- When you receive the grant application, read the directions carefully. Many foundations won’t even read proposals if they do not follow the rules. Example: If they ask for the proposal to be written in a certain font or on a certain type of paper, make sure it is.
- Show that there is a need in your community, and demonstrate how your project will meet that need. The statement of need should be compelling, thought-through, well-documented with objective evidence.
- Show that your organization is credible, the staff and volunteers will be responsible, and the finances will be carefully managed.
- Have an established plan on how the carry out the project. Do as much of the planning as possible before applying for the grant.
- Make sure the application is easy to understand.
- Make sure you clearly state the need for the project.
- Show that you have a concrete and measurable way of documenting the project’s success.
- Take extra care with the budget. Some funders look at this first.
- Pay attention to the budget rules in the application.
- Include all costs for the project. This is important because the Lodge will have to cover the cost of anything not included.
- Check with suppliers to get accurate prices for the budget items.
- Include in-kind items to show that your project has other support.
- Double check the math.
Applying for a 501c3
501c3 refers to a certain tax exemption status from the government that is granted to non-profit organizations. A non-profit organization is loosely defined as any organization whose primary objective is to support some matter of private or public concern.
If your Lodge partners with an organization that is a 501c3, talk with them about applying for the grant. If your Lodge does not have a partner, think about applying for a 501c3 for the project. Funders looks for this, and private donors are more likely to donate to a group that is one. In the meantime, our Lodge Assistance Grant may help. Visit our webpage for complete details.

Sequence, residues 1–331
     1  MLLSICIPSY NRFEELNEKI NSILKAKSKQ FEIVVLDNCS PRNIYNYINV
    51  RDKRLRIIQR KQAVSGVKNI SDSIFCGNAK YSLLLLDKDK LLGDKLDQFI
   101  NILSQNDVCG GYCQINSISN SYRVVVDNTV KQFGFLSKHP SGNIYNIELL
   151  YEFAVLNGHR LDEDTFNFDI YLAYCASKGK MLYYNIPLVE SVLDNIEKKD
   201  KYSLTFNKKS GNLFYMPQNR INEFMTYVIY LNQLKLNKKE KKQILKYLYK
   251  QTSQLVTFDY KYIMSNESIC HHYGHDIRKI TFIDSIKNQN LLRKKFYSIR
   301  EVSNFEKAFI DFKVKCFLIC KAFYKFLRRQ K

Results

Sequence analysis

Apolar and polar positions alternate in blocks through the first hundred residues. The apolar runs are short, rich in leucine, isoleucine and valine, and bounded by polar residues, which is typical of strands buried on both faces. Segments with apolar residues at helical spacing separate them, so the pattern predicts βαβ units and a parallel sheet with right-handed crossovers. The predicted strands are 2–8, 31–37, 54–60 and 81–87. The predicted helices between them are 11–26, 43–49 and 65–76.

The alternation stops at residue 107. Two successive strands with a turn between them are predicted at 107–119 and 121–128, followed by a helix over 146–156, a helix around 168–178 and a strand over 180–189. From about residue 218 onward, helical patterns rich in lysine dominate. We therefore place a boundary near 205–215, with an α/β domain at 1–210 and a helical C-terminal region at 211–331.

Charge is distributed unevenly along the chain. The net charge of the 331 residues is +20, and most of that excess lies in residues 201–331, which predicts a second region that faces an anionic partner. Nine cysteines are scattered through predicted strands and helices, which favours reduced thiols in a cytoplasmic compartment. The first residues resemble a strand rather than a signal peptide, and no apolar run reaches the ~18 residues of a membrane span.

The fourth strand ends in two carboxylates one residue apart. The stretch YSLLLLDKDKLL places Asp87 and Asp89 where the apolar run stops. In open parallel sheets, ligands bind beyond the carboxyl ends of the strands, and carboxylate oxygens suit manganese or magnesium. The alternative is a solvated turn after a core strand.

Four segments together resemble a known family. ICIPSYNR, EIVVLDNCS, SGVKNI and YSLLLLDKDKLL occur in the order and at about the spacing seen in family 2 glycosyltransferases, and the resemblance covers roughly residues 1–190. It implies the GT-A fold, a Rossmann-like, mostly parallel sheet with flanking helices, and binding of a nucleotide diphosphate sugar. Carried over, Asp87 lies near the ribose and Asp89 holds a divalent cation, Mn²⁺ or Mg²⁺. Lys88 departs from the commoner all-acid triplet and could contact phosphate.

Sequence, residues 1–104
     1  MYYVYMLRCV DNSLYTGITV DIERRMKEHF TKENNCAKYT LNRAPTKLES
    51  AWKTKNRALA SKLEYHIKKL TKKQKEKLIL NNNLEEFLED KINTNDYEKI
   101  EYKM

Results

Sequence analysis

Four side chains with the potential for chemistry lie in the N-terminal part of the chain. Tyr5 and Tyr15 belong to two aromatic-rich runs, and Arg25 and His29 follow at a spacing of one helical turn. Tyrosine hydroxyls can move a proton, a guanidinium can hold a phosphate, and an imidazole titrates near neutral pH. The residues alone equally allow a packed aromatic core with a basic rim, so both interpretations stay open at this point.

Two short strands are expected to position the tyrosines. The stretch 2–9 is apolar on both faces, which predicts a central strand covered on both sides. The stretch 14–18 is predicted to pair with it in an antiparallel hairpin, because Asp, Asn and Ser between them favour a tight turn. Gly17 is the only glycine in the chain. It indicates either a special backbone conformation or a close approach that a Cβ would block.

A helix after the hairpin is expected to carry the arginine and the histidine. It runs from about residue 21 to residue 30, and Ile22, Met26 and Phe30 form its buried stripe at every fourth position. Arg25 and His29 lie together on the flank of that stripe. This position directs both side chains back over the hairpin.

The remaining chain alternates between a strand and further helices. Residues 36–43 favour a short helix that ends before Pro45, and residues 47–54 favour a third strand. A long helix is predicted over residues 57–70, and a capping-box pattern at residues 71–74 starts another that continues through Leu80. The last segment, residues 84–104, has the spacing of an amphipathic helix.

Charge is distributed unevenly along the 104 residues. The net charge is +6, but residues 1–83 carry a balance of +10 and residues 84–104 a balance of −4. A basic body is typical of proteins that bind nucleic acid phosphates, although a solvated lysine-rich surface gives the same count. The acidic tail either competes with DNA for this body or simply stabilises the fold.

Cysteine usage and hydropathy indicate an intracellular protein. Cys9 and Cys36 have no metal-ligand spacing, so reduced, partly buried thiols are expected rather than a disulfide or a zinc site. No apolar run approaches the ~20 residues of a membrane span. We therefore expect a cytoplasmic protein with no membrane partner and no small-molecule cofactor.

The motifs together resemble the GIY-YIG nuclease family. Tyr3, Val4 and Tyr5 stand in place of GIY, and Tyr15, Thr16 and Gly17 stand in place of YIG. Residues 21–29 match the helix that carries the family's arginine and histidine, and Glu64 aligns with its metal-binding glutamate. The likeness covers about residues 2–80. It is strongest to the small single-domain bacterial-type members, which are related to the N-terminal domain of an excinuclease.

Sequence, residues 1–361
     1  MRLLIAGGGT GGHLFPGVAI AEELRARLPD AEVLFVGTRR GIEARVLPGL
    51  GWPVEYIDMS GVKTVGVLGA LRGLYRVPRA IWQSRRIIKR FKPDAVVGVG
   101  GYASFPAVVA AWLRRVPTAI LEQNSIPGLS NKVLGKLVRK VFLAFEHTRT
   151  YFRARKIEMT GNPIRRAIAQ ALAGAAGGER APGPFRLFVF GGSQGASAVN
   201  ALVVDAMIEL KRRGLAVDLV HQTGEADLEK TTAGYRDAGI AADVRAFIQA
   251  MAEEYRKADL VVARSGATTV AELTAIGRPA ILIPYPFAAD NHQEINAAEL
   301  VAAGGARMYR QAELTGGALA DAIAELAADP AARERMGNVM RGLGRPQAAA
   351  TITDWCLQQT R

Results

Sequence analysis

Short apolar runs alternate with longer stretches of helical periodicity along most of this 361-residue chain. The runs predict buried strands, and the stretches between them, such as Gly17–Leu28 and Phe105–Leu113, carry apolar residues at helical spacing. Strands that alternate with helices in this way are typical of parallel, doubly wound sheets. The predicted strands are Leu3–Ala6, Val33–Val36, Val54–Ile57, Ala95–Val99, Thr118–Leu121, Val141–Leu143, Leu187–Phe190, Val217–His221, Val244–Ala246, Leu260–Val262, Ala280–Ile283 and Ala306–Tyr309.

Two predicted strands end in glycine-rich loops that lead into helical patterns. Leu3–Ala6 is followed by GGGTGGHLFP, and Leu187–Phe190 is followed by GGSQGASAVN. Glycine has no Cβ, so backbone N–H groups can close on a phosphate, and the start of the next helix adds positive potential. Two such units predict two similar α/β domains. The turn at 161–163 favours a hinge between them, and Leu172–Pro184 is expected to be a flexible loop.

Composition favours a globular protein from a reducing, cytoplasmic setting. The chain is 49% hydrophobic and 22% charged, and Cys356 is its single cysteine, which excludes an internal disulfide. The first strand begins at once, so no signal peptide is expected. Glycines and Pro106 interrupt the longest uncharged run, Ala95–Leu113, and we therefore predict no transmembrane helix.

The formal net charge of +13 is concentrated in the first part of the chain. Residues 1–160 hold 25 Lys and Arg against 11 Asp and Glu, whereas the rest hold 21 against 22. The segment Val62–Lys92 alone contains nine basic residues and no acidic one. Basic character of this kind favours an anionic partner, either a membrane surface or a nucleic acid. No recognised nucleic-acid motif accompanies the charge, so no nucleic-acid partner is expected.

Here is the IRS website with requirements and instructions. www.irs.gov/charities/charitable/article/0,,id=96099,00.html
The Foundation Center has a lot of information about finding and applying for grants, as well as a wealth of other information. foundationcenter.org/getstarted/individuals/
The Center for Non-profit success has a database of case studies so you can learn from other organizations in similar situations.
The Alliance for Non-Profit Management has a resource library with articles and advice about a number of topics.
The National Network of Grantmakers has a searchable list of grants being offered.
The Council on Foundations is full of great information for all kinds of philanthropic groups.
Subsidyscope presents government data and summary statistics on federal spending and subsidies in the nonprofit sector.
Information taken from Donors Forum, Grant News (Illinois State University) and Non-Profit Guides.